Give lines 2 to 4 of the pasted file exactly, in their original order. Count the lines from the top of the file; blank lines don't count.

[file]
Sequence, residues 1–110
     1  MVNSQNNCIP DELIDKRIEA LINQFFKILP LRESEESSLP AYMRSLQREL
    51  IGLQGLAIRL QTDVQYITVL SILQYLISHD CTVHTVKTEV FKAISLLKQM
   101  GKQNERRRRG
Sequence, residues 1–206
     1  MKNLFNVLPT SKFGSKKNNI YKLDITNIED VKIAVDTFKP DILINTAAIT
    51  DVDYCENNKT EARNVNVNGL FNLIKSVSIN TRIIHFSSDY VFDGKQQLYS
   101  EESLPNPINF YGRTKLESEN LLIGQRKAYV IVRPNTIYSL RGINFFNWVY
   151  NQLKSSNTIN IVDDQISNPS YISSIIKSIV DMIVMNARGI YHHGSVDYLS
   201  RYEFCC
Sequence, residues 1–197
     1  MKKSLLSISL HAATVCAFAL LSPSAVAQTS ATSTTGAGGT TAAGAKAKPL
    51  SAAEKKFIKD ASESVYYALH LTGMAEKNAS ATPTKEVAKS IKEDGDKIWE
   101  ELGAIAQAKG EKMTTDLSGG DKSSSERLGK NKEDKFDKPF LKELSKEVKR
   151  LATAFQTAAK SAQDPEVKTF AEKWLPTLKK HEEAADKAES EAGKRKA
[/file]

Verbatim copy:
     1  MVNSQNNCIP DELIDKRIEA LINQFFKILP LRESEESSLP AYMRSLQREL
    51  IGLQGLAIRL QTDVQYITVL SILQYLISHD CTVHTVKTEV FKAISLLKQM
   101  GKQNERRRRG